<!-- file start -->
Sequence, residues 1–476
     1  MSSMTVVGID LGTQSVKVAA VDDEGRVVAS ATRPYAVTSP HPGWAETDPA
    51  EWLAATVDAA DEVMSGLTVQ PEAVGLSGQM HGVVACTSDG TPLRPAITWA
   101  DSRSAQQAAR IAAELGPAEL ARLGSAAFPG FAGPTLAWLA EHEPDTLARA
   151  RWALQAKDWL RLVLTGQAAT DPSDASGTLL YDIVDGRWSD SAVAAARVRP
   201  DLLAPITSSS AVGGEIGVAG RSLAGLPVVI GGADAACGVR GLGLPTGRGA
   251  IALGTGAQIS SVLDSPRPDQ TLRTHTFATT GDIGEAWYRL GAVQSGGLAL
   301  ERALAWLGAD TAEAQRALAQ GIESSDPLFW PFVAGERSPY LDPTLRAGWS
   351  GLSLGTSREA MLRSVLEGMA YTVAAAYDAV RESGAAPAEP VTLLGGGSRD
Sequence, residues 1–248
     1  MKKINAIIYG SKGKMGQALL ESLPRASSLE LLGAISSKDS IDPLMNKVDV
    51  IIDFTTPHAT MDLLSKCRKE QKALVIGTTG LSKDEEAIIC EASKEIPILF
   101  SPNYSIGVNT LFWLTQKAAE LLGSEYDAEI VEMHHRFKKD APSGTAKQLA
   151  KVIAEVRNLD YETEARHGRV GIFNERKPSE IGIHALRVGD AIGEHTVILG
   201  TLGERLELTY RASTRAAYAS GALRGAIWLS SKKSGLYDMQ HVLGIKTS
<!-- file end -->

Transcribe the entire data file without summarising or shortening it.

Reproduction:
Sequence, residues 1–476
     1  MSSMTVVGID LGTQSVKVAA VDDEGRVVAS ATRPYAVTSP HPGWAETDPA
    51  EWLAATVDAA DEVMSGLTVQ PEAVGLSGQM HGVVACTSDG TPLRPAITWA
   101  DSRSAQQAAR IAAELGPAEL ARLGSAAFPG FAGPTLAWLA EHEPDTLARA
   151  RWALQAKDWL RLVLTGQAAT DPSDASGTLL YDIVDGRWSD SAVAAARVRP
   201  DLLAPITSSS AVGGEIGVAG RSLAGLPVVI GGADAACGVR GLGLPTGRGA
   251  IALGTGAQIS SVLDSPRPDQ TLRTHTFATT GDIGEAWYRL GAVQSGGLAL
   301  ERALAWLGAD TAEAQRALAQ GIESSDPLFW PFVAGERSPY LDPTLRAGWS
   351  GLSLGTSREA MLRSVLEGMA YTVAAAYDAV RESGAAPAEP VTLLGGGSRD
Sequence, residues 1–248
     1  MKKINAIIYG SKGKMGQALL ESLPRASSLE LLGAISSKDS IDPLMNKVDV
    51  IIDFTTPHAT MDLLSKCRKE QKALVIGTTG LSKDEEAIIC EASKEIPILF
   101  SPNYSIGVNT LFWLTQKAAE LLGSEYDAEI VEMHHRFKKD APSGTAKQLA
   151  KVIAEVRNLD YETEARHGRV GIFNERKPSE IGIHALRVGD AIGEHTVILG
   201  TLGERLELTY RASTRAAYAS GALRGAIWLS SKKSGLYDMQ HVLGIKTS